What's wrong with dark-haired white guys? Commenter Daemon_Gildas thinks they represent an unfair percentage of our video game heroes, and tells us all about it in today's Speak Up on Kotaku.
You know what needs to stop in video-game?
Dark-haired white guys in Gaming.
Now, we've already heard about how there are too many white guys in Gaming, and I agree wholeheartedly. However, I think it's also worth pointing out, too, that not all white guys have dark hair, either. Some of us have blonde, red, or even lighter, richer shades of brown.
Honestly, there are so, so many shades of natural hair-colors that it's damn-right shameful how present "Really-dark brown" is. Hell, even straight-up Black hair seems a rarity by comparison.
It may seem a superficial thing, but being able to relate to a character's appearance does help us connect with characters. And no, you don't get points for trying; either you feel like you look similar to your character, or you don't.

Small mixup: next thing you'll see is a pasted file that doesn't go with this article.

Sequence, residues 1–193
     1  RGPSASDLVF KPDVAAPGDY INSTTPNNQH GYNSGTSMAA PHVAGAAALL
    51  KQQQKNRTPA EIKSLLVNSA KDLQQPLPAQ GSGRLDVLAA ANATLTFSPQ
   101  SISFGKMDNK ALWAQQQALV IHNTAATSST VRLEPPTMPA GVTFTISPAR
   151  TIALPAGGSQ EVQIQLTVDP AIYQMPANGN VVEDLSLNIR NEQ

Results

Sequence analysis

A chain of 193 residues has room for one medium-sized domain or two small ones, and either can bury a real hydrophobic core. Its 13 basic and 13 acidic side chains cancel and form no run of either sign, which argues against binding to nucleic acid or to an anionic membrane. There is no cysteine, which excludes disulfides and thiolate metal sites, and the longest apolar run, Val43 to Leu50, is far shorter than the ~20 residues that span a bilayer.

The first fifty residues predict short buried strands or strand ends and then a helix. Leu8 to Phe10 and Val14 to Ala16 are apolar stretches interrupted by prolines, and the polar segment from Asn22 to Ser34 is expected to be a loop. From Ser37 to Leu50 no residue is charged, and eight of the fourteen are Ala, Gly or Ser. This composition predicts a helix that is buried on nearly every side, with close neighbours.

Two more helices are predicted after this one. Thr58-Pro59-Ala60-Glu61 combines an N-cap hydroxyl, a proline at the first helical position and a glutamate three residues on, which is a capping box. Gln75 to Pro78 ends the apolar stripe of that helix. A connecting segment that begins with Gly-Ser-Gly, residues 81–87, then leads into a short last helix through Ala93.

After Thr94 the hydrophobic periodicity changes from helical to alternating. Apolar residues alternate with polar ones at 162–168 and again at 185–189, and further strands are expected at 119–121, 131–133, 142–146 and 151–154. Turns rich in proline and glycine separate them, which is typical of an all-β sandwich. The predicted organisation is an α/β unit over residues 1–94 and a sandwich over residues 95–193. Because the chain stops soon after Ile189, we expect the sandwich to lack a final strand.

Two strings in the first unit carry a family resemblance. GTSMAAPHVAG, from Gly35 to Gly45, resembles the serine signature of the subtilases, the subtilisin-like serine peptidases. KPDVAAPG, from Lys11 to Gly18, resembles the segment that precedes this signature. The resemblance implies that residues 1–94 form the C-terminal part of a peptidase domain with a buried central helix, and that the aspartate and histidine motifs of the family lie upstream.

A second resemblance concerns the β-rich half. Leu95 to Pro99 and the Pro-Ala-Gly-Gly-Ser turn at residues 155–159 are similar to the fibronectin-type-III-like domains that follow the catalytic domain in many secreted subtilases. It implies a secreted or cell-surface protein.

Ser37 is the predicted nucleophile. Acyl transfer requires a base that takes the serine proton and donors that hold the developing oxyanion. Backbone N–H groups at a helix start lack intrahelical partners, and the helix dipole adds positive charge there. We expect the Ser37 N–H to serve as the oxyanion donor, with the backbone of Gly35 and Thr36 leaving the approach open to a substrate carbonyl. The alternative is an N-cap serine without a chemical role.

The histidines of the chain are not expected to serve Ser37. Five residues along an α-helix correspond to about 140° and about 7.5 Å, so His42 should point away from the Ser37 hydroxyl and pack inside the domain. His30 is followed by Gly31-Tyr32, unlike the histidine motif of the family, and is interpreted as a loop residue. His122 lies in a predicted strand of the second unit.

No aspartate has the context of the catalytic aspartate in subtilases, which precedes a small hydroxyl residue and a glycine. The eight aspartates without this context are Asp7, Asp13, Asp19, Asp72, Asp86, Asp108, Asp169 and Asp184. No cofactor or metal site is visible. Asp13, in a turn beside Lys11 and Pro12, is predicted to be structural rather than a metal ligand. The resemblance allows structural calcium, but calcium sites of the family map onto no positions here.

Case in point: I have red hair. Growing up, I got picked-on for it quite a bit for it. There were some advantages to the bullying (such as learning to stick up for myself), but one consequence was that I always identified myself as "redhead". As such, when I first played Chrono Trigger, I was probably much more attached to Crono than most, simply because I was like "Dude with red hair, heck yes!".
That's not to say I demand characters to look like me, either, to be able to enjoy them. L.A. Noire and Red Dead Redemption were both really engrossing, despite having very little in common aesthetically with any of those characters. Luis was the character I related to the most in Left 4 Dead, But, honestly, why cater to one super-specific idea of what a male looks like? Furthermore, have they stopped to consider how it impacts those males who don't?
I firmly believe that, because of the dwindling presence of light-haired males in the media (be it movies, shows, games, whatever), it reinforces a notion that somehow those characters are "less serious" or "less masculine". While it doesn't seem much of an issue now, perhaps it's worth considering how big an impact the media has had on women's perceptions of themselves, and maybe trying to learn something from that.